Families use various methods to communicate their hopes and plans surrounding money, and some work better than others. What doesn’t work is lifelong lecturing forced upon younger family members.
The senior generation may decide to place written restrictions on when and how an inheritance can be used. Without context provided through meaningful discussions about the wealth holder’s desires and the inheritor’s future plans, these constraints can erode trust within a family and destroy an inheritor’s self-esteem.
Rather than parents having “one-off” conversations with children separately, many families are benefiting from having organized, prioritized group discussions around these topics. Often these discussions can begin as educational sessions. Gathering everyone in the same room, perhaps at a family retreat with a trained third-party expert, can strengthen the bonds among members as they share the learning experience. The survey revealed that many individuals among the senior generation and inheritors alike want to learn about financial topics. Perhaps a good place to start would be with the basics of investing, such as why to invest, different asset classes, sustainable spending rates, and the investing process.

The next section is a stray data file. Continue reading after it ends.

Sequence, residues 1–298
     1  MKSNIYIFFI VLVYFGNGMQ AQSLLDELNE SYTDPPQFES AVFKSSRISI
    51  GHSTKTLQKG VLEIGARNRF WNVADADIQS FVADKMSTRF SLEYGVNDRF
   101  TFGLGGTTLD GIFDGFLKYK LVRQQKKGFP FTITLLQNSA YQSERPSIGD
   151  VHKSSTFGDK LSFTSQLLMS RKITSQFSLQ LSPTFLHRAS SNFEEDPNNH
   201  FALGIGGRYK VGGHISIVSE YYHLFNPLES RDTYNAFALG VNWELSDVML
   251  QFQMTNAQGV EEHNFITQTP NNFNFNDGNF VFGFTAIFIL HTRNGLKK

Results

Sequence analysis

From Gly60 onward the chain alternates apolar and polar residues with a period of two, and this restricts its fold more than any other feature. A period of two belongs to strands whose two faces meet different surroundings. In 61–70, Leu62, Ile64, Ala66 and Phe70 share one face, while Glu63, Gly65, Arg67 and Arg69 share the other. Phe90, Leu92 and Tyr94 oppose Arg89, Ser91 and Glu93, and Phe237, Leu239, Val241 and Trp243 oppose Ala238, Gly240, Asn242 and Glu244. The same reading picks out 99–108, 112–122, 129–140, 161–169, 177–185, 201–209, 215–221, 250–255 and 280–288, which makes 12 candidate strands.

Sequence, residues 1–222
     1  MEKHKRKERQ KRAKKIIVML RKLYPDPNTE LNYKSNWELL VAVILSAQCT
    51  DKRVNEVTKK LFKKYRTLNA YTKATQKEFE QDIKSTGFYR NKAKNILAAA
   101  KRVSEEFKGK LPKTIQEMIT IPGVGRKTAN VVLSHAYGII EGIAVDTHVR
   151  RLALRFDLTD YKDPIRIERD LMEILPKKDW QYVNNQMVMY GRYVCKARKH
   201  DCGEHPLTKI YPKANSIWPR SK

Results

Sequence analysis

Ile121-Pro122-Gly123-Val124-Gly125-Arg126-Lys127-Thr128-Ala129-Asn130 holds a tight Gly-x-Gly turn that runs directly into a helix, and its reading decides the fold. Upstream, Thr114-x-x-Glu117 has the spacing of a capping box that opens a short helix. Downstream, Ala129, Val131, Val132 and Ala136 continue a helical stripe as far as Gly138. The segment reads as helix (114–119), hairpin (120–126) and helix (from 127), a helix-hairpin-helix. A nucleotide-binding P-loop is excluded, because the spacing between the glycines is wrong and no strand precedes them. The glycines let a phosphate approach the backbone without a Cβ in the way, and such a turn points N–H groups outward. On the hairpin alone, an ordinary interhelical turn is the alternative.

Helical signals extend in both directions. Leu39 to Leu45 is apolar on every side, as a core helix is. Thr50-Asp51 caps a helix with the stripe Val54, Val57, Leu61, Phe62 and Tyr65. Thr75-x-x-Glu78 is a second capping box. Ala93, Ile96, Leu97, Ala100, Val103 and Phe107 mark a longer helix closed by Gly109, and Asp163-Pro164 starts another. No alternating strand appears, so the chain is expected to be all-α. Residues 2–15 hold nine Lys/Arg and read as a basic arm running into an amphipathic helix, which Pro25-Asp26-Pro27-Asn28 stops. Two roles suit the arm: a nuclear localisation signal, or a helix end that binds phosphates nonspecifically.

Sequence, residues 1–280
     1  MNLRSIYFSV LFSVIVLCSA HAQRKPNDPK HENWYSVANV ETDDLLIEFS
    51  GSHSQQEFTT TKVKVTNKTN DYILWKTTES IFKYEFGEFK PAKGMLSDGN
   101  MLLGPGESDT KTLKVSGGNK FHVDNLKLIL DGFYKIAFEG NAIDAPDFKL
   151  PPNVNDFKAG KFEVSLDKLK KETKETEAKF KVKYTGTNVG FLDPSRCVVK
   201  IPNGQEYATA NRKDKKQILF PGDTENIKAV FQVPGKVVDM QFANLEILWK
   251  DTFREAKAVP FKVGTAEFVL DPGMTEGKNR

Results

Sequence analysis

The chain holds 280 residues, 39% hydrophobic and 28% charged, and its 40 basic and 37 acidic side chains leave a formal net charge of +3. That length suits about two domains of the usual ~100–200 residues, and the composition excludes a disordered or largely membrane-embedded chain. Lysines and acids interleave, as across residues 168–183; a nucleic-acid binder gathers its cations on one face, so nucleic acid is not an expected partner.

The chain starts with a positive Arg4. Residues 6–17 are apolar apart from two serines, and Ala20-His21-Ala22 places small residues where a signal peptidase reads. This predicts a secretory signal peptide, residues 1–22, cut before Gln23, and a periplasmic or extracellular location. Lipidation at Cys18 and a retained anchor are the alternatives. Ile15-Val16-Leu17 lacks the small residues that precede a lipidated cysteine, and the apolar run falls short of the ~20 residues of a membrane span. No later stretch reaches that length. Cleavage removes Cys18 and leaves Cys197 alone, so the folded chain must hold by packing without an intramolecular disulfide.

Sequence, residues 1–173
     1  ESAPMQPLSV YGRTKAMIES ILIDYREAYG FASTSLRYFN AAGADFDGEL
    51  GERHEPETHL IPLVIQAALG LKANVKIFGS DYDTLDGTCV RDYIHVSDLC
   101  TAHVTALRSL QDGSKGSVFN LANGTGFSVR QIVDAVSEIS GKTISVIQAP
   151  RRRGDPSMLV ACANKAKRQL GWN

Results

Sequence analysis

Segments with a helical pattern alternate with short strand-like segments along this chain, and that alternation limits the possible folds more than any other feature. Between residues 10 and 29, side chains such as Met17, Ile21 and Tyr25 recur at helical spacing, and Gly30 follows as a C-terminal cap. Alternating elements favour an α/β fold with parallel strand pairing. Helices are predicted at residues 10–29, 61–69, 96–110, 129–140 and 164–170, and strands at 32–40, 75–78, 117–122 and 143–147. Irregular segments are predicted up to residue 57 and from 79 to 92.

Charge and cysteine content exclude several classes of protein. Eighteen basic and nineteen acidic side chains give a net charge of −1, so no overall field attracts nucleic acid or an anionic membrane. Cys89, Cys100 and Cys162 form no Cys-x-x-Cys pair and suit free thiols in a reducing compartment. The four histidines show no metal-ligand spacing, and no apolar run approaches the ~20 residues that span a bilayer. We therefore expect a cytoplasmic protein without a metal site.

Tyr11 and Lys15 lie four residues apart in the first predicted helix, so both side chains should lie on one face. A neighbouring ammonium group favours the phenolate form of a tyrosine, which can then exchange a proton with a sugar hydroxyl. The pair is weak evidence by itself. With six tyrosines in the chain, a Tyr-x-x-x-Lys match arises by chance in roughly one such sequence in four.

From there, topics can include estate planning and trusts, which the survey found to be critically important areas of interest. With 92% of the survey respondents being beneficiaries of trusts, it’s not surprising that 85% said they are interested in learning more about estates and trusts. They also indicated a desire for their advisors to play a part in teaching them about the estate planning process, as well as how wills, trusts, and powers of attorney work.
2. Use philanthropy as a way to transmit values and work together across different generations
Shared values and culture create much stronger bonds than money alone, so it’s critical that families use shared experiences, such as philanthropy, to strengthen them. This popular topic can be an important door-opener for discussing other monetary and familial issues.